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No. 98-627


In the Supreme Court of the United States
OCTOBER TERM, 1998

UNITED TRANSPORTATION UNION, PETITIONER

v.

RODNEY SLATER, SECRETARY OF TRANSPORTATION,
ET AL.

ON PETITION FOR A WRIT OF CERTIORARI
TO THE UNITED STATES COURT OF APPEALS
FOR THE EIGHTH CIRCUIT

BRIEF FOR THE FEDERAL RESPONDENTS
IN OPPOSITION



NANCY E. MCFADDEN
General Counsel
U.S. Department of
Transportation
Washington, D.C. 20590
(202) 366-9285

SETH P. WAXMAN
Solicitor General
Counsel of Record
Department of Justice
Washington, D.C. 20530-0001
(202) 514-2217


QUESTION PRESENTED
Whether the Federal Railroad Administration's regulatory definition of the term "reconstruction" in 49 U.S.C. 21106(2) reflects a permissible exercise of rulemaking authority conferred by statute.




In the Supreme Court of the United States
OCTOBER TERM, 1998

NO. 98-627
UNITED TRANSPORTATION UNION, PETITIONER

v.

RODNEY SLATER, SECRETARY OF TRANSPORTATION,
ET AL.

ON PETITION FOR A WRIT OF CERTIORARI
TO THE UNITED STATES COURT OF APPEALS
FOR THE EIGHTH CIRCUIT

BRIEF FOR THE FEDERAL RESPONDENTS
IN OPPOSITION

OPINIONS BELOW
The opinion of the court of appeals (Pet. App. 1a-8a) is reported at 149 F.3d 851. The decision of the Federal Railroad Administration (Pet. App. 12a-15a) is unreported.
JURISDICTION
The judgment of the court of appeals (Pet. App. 9a) was entered on July 16, 1998. The petition for a writ of certiorari was filed on October 14, 1998. The jurisdiction of this Court is invoked under 28 U.S.C. 1254(1).
STATEMENT
1. The federal hours of service laws, known collectively prior to 1994 as the Hours of Service Act (HSA), are intended to promote railroad safety by ensuring that fatigue does not prevent railroad employees from properly performing their duties.1 The Secretary of Transportation is charged with the administration of those laws. 49 U.S.C. 103(a). The Secretary has delegated those functions to the Administrator of the Federal Railroad Administration (FRA), a modal administration of the Department of Transportation (DOT). 49 U.S.C. 103(c); 49 C.F.R. 1.49(d).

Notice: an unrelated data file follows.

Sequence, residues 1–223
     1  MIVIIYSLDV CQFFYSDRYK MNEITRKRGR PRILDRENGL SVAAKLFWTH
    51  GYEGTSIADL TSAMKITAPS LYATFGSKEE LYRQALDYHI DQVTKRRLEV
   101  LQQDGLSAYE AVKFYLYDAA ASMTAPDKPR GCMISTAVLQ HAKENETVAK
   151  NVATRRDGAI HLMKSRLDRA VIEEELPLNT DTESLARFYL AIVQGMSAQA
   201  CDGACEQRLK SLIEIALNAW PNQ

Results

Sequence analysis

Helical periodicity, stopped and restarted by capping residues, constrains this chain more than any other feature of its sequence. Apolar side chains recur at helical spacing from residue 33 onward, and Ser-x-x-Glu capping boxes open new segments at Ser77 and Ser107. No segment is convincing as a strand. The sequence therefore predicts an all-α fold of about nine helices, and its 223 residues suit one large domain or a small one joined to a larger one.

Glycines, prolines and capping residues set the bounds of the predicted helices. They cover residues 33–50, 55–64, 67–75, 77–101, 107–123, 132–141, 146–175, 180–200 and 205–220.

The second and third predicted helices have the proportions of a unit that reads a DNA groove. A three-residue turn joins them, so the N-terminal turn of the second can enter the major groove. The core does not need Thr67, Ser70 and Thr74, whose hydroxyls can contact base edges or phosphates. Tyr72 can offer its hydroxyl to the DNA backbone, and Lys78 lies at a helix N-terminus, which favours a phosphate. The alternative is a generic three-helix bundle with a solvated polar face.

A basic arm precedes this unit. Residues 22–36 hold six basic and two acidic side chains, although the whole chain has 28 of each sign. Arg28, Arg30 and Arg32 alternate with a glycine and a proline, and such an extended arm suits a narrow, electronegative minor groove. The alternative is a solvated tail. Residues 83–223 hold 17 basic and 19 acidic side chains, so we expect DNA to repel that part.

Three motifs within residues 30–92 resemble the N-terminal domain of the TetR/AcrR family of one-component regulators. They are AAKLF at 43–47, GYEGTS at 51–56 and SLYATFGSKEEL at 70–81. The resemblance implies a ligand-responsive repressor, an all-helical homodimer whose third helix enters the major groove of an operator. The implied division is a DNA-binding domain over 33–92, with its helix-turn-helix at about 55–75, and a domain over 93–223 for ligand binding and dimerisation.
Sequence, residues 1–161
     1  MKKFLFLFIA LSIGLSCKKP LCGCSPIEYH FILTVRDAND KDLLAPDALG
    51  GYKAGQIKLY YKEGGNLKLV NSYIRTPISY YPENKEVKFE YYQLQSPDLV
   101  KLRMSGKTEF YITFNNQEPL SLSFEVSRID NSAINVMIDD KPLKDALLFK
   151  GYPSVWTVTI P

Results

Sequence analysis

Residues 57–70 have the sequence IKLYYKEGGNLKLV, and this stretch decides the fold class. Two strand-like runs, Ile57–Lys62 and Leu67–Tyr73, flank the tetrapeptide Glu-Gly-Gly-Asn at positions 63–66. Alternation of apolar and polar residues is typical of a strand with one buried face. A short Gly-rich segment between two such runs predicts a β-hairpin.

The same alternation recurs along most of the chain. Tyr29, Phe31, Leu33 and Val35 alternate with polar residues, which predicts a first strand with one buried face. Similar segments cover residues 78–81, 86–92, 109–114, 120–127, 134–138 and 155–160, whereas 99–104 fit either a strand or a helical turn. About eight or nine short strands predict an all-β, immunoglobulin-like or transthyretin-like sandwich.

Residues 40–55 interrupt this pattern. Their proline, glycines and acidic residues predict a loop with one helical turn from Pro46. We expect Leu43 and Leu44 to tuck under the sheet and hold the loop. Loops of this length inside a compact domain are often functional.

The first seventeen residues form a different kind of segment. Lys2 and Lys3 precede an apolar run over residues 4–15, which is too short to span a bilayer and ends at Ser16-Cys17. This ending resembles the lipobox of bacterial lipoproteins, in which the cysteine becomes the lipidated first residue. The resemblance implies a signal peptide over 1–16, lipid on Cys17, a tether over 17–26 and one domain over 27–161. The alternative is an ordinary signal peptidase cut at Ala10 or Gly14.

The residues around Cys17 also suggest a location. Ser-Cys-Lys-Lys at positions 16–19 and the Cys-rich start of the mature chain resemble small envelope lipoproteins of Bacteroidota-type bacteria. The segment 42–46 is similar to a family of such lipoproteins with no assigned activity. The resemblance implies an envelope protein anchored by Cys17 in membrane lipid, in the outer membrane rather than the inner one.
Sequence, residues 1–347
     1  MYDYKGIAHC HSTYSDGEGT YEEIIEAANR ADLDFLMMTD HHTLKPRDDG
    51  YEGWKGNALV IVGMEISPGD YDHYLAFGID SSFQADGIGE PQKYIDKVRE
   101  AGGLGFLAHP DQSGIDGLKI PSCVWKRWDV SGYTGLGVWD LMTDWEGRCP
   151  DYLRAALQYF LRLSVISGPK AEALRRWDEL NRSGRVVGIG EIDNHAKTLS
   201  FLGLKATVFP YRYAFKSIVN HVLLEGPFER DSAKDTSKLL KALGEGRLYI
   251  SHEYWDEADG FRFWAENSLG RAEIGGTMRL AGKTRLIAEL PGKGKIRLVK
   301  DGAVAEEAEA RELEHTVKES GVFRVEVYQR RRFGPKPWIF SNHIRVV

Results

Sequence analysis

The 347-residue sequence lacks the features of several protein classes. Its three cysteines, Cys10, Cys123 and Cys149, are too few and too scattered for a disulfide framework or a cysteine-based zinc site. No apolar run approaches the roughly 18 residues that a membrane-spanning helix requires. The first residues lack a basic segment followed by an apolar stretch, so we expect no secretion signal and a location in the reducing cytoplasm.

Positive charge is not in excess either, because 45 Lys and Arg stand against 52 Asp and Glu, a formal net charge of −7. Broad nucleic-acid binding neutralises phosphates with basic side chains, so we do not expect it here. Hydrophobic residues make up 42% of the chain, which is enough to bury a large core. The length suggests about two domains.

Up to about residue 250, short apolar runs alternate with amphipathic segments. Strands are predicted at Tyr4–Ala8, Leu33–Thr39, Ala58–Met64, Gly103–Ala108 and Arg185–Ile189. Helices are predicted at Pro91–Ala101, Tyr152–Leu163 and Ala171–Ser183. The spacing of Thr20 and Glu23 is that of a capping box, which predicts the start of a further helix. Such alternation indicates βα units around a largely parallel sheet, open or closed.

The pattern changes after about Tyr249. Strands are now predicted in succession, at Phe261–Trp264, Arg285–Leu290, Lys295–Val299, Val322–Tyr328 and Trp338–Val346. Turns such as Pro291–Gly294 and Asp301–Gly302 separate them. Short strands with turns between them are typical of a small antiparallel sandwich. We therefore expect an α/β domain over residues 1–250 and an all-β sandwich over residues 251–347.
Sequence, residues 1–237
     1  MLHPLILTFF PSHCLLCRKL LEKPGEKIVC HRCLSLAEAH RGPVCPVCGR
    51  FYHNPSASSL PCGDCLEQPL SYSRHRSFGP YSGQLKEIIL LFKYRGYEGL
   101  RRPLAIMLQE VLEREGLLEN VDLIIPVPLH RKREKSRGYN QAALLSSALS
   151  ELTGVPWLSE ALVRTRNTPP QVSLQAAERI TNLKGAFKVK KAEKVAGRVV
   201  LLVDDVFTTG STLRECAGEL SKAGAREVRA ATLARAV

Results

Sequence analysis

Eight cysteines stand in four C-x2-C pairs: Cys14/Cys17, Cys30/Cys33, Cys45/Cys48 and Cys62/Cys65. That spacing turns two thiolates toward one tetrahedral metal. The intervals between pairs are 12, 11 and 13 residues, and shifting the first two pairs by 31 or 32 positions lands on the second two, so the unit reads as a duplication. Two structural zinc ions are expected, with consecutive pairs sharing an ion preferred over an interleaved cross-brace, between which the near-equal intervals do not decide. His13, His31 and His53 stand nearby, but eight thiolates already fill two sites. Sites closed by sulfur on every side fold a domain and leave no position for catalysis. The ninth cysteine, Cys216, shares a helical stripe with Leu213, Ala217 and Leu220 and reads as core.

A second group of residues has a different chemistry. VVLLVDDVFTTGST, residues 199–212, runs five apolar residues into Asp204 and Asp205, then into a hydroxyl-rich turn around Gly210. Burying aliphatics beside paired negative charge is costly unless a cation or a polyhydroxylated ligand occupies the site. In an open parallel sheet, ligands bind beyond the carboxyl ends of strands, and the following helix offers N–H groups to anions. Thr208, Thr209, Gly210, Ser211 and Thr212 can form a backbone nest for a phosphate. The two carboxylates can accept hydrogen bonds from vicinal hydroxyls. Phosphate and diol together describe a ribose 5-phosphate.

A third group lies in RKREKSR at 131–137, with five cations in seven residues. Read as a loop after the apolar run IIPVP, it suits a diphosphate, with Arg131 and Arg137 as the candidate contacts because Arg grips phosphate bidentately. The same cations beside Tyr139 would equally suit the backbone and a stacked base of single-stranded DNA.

In the Federal Railroad Safety Authorization Act of 1976, Congress amended the HSA to include two provisions relating to railroad employee sleeping quarters. Pub. L. No. 94-348, § 4(a), 90 Stat. 818. Those sleeping quarters serve as lodging at away-from-home terminals for train crews, providing them food and lodging during short-term layovers between tours of duty. The first of those provisions requires that all sleeping quarters must be "clean, safe, and sanitary" and must give residents "an opportunity for rest free from the interruptions caused by noise under the control of the carrier."
49 U.S.C. 21106(1). The second sleeping quarter provision states:
A railroad carrier and its officers and agents-
* * * * *
(2) may not begin, after July 7, 1976, construction or reconstruction of sleeping quarters referred to in clause (1) of this section in an area or in the immediate vicinity of an area, as determined under regulations prescribed by the Secretary of Transportation, in which railroad switching or humping operations are performed.
49 U.S.C. 21106(2).
While Section 21106(2) prohibits the "construction or reconstruction" of sleeping quarters in yards where potentially hazardous railroad switching and humping operations take place, it does not restrict the continued use of sleeping quarters that existed as of July 7, 1976. The hours of service laws do not define the term "reconstruction" or identify the point at which repair or renovation of an existing facility comes within the restrictions of Section 21106(2). In July 1978, after notice-and-comment rulemaking, the FRA promulgated a final rule implementing Section 21106(2). 43 Fed. Reg. 31,006. The regulations identify the prospective sleeping quarter locations that are subject to approval by the FRA, indicate the information that must be submitted with requests for location approvals, and discuss the general policy considerations that the FRA employs in ruling on requests for such approvals. Id. at 31,006-31,014; 49 C.F.R. Pt. 228, Subpt. C. In addition, the
regulations define the statutory term "reconstruction" as follows:
Reconstruction shall refer to the-(i) Replacement of an existing facility with a new facility on the same site; or (ii) Rehabilitation or improvement of an existing facility (normal periodic maintenance excepted) involving the expenditure of an amount representing more than 50 percent of the cost of replacing such facility on the same site at the time the work of rehabilitation or improvement began, the replacement cost to be estimated on the basis of contemporary construction methods and materials.